Preliminary Results of Sulfide Melt/Silicate Wetting Experiments in a Partially Melted Ordinary Chondrite
Recently, mechanisms for core formation in planetary bodies have received considerable attention. Most current theories emphasize the need for large degrees of silicate partial melting to facilitate the coalescence and sinking of sulfide-metal liquid blebs through a low strength semi-crystalline silicate mush. This scenario is based upon observations that sulfide-metal liquid tends to form circular blebs in partially molten meteorites during laboratory experiments. However, recent experimental work by Herpfer and Larimer indicates that some sulfide-Fe liquids have wetting angles at and slightly below 60 deg in an olivine aggregate, implying an interconnected melt structure at any melt fraction. Such melt interconnectivity provides a means for gravitational compaction and extraction of the majority of a sulfide liquid phase in small planetary bodies without invoking large degrees of silicate partial melting. Because of the important ramifications of these results, we conducted a series of experiments using H-chondrite starting material in order to evaluate sulfide-liquid/silicate wetting behavior in a more complex natural system.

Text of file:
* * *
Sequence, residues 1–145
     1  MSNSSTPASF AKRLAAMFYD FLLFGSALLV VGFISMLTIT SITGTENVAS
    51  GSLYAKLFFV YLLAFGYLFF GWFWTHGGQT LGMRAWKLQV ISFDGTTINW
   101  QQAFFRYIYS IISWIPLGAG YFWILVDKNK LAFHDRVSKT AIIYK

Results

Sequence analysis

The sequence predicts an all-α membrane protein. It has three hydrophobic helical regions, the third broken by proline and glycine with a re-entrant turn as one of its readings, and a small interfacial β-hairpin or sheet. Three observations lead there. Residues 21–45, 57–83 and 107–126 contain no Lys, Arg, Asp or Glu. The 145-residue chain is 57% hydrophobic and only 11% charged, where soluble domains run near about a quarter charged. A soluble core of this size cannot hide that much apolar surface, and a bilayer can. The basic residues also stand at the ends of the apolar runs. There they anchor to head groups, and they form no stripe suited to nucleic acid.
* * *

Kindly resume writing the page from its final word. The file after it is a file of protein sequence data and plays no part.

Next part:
Lunar and Planetary Science Conference
- Pub Date:
- March 1994
- Liquid Phases;
- Meteoritic Composition;